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Fire prevention part of new SEC certification for paper companies

SINGAPORE — By the end of this year, consumers buying pulp and paper products could have another indicator to help them choose the more environmentally-responsible companies.

TODAY file photo

TODAY file photo

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SINGAPORE — By the end of this year, consumers buying pulp and paper products could have another indicator to help them choose the more environmentally-responsible companies.

The Singapore Environment Council (SEC) is in the midst of drawing up a new category under the Singapore Green Labelling Scheme, which will look at companies’ management of plantations, with an emphasis on peatland management and fire prevention.

This was revealed by Minister for the Environment and Water Resources Masagos Zulkifli, during his speech at the Singapore Dialogue on Sustainable World Resources yesterday.

Speaking to reporters on the sidelines of the dialogue, SEC chairman Isabella Loh said that they are looking to work with stakeholders such as plantation owners, mills and operators, and peatland agencies regionally, and non-governmental organisations such as Indonesian activist group Eyes on the Forest.

To get companies on board, Ms Loh said it would be crucial to reach a consensus where companies can “take on a certification of this size” without it being too costly for them.

“It has to start from the root cause to see how we can be more responsible ... There are many multi-stakeholders (to work with) ... But it’s not going to be an overnight process,” she said.

Further details about the certification will be announced later, said SEC.

In his speech, Mr Masagos commended the effort as a “bold initiative” that would set global standards by being the “most holistic certification standard” for pulp and paper worldwide.

It would also be a tool to “empower consumers to make a very safe non-haze pro-conservation choice”.

Civil society plays a crucial role in pressuring companies to be more transparent and accountable, and in supporting sustainable businesses, he added, pointing to the ground-up efforts in last year’s haze episode, the worst yet experienced by the Republic.

The SEC and the Consumers Association of Singapore (CASE) had jointly led a movement against unsustainable practices, with the SEC imposing a restriction on the use of its Singapore Green Label certification by companies allegedly linked to the haze.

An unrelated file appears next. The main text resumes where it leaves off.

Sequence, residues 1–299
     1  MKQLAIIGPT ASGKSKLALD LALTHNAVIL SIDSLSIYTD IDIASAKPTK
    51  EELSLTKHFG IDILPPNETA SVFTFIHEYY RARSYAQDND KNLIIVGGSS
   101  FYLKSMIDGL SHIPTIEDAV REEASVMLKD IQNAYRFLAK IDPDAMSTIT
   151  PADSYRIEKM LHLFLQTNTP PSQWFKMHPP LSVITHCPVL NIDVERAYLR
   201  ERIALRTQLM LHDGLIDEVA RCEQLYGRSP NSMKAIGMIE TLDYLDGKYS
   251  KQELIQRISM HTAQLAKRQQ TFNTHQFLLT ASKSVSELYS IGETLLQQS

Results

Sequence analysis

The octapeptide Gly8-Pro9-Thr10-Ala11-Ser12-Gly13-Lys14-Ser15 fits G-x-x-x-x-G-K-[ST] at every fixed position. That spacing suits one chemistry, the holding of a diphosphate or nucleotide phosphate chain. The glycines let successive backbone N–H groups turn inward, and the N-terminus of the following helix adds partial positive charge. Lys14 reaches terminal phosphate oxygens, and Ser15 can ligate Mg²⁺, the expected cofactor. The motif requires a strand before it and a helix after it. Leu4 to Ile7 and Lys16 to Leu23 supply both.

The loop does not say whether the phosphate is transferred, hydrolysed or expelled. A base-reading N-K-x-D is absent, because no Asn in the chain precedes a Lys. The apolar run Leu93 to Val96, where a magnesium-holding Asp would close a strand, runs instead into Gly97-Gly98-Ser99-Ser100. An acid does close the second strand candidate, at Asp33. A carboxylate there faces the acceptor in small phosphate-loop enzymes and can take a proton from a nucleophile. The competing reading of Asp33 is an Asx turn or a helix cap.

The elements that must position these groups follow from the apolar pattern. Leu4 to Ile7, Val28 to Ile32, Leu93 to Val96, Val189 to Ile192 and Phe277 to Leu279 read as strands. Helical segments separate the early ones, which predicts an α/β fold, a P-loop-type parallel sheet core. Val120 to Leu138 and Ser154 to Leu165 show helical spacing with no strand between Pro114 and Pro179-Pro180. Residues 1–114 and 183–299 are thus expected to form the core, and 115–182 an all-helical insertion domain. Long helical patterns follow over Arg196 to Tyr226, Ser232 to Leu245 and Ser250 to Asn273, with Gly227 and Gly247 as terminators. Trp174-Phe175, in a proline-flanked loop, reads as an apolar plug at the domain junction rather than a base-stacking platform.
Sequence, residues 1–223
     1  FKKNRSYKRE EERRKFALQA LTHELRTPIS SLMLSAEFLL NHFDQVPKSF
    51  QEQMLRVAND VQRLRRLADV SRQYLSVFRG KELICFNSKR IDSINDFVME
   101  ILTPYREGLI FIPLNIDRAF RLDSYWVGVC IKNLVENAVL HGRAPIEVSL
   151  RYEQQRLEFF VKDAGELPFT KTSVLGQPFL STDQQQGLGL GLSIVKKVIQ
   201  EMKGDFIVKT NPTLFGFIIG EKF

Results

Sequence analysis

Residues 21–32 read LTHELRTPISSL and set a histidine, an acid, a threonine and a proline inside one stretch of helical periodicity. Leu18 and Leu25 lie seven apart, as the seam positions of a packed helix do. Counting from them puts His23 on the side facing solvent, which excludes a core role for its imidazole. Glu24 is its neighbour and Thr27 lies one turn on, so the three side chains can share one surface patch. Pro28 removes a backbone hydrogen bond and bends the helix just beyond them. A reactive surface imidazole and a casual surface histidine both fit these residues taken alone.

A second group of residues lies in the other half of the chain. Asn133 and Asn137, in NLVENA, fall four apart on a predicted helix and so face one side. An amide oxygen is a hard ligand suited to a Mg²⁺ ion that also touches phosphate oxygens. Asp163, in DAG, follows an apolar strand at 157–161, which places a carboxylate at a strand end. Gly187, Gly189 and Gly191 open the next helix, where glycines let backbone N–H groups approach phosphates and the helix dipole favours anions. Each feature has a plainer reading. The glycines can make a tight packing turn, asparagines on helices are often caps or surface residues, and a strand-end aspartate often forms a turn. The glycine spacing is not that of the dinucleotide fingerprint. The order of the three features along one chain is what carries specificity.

This led to supermarkets such as NTUC FairPrice, Prime and Sheng Siong pulling the products of an affected company — Asia Pulp & Paper — off their shelves.

He also cited the We Breathe What We Buy campaign in increasing public awareness on the sustainability of agroforestry products, which was led by partners such as the World Wildlife Fund Singapore and People’s Movement to Stop Haze.

He said: “As consumers, each one of us can influence the agroforestry industry through our purchasing decisions.

“We have choices, and we should make our choices count ...These actions demonstrate the significant power of a collective consumer voice, and an increasingly active and empowered consumer movement, led by civil society.”

He also noted the importance of governmental efforts such as the Transboundary Haze Pollution Act in galvanising companies to take action, pointing out how prominent agroforestry companies had “frantically taken out advertisements and gone on talk shows to show that they are doing something”.

“My message to all these companies is simply this — companies practising unsustainable production that affect us with haze must know that their actions will not lead to profitability and that they will have to face the consequences sooner or later,” he added.

Organised by the Singapore Institute of International Affairs, the dialogue was attended by more than 350 stakeholders from government bodies, the agroforestry sector, banks and financial institutions, and non-governmental organisations. TOH EE MING

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